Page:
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Locking nut

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Mick Berrisford05/07/2015 23:26:31
119 forum posts
2 photos

Restoring a motorcycle I've come across a type of locking nut I've not seen before. Usually they use ones that have a spring steel type insert in them and the others on the bike are that type but this one on the swingarm spindle is different with slits on the flats .

Are these classed as a one shot use or are you "allowed" to crush/close up the slitted area so it grips the thread again?, it just spins on and off loosely like a normal nut at the moment.

I would replace it with a nyloc but it's M14x1.25 and I can't find any, no one seems to do any below M14x1.5 fine.

Nick_G05/07/2015 23:35:27
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1808 forum posts
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.

What bike is it Mike.?

Nick

Nicholas Farr05/07/2015 23:42:21
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1911 forum posts
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Hi Mick, generally speaking just about any thread locking nut, including Nyloc's, are only designed to be used once and when they are removed should be discarded and new ones fitted.

M14 coarse available at **LINK**

Sorry I think you are after Fine http://www.spaldingfasteners.co.uk/metric-fine-a2-stainless-steel-nyloc-nylon-lock-full-nuts-m12-m14/

Regards Nick.

Edited By Nicholas Farr on 05/07/2015 23:47:09

Mick Berrisford06/07/2015 00:08:32
119 forum posts
2 photos

Nick G it's a Suzuki GT750 "Kettle"

Nick F thanks they don't give the pitch I'd have to ask, there's plenty of M14x1.5 fine about but mine is M14x1.25 fine(r)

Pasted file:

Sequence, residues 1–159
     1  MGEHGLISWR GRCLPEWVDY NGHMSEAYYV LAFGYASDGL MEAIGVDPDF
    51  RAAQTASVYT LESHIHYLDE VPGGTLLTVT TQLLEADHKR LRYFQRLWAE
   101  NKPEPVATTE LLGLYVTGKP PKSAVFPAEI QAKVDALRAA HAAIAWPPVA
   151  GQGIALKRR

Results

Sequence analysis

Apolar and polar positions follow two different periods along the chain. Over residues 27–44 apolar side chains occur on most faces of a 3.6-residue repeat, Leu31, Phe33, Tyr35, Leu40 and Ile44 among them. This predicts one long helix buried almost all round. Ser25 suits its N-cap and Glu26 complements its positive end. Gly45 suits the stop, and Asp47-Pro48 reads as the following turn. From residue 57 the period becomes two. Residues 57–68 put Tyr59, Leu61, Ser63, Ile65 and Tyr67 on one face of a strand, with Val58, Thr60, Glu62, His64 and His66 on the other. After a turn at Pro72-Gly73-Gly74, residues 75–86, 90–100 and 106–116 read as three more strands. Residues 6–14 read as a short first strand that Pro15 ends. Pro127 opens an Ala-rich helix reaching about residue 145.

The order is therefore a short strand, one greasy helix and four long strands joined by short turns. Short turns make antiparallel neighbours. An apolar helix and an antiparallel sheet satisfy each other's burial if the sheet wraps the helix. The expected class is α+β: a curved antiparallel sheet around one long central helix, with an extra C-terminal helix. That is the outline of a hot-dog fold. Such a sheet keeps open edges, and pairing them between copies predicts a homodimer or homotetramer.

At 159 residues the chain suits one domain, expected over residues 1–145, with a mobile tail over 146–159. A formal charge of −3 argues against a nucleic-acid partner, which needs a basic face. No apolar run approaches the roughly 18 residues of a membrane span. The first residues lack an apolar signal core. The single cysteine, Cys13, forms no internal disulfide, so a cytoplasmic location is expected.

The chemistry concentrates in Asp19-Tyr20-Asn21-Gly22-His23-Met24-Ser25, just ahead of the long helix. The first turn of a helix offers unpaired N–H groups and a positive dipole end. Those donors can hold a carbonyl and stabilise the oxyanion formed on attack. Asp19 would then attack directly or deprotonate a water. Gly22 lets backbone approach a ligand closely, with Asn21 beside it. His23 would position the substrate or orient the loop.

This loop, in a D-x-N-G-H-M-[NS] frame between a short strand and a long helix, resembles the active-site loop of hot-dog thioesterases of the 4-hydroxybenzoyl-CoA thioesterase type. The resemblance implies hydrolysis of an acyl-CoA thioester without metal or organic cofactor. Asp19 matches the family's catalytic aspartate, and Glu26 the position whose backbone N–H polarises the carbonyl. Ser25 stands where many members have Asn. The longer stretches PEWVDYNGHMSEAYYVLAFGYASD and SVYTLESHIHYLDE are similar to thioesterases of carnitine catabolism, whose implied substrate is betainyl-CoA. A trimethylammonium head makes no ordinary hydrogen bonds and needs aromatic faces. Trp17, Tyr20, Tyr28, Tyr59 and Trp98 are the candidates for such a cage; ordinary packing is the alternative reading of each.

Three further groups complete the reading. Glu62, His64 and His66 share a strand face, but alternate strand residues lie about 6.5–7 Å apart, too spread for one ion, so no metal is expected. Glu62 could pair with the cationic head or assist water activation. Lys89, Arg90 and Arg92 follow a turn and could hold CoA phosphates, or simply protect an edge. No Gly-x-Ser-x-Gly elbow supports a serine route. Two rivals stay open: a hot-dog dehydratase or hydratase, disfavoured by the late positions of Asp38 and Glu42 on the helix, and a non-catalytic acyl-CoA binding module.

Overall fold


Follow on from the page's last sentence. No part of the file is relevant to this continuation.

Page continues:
Michael Gilligan06/07/2015 00:25:14
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13581 forum posts
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Posted by Mick Berrisford on 06/07/2015 00:08:32:

mine is M14x1.25 fine(r)

.

Mick,

Aside from being Spark-Plug thread [which doesn't really help]; that's fairly common on German cars ... it might be worth checking your friendly local BMW dealer, if they have a Spares man who knows his stock.

MichaelG.

.

Edited for typos

Edited By Michael Gilligan on 06/07/2015 00:26:56

Nicholas Farr06/07/2015 00:45:57
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1911 forum posts
920 photos

Hi Mick, M14 x 1.25 is probably a none preferred size for lock nuts and you may have to go to a firm that will make them to order, e.g. **LINK**

Regards Nick.

jim'06/07/2015 04:26:24
72 forum posts
6 photos

**LINK**

ebay

Capstan Speaking06/07/2015 06:46:46
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177 forum posts
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Posted by Mick Berrisford on 05/07/2015 23:26:31:

Are these classed as a one shot use or are you "allowed" to crush/close up the slitted area so it grips the thread again?, it just spins on and off loosely like a normal nut at the moment.

As a last resort you could put a tube over the end and knock it to close the "petals." Unlike Nyloc they aren't deformed when fitted.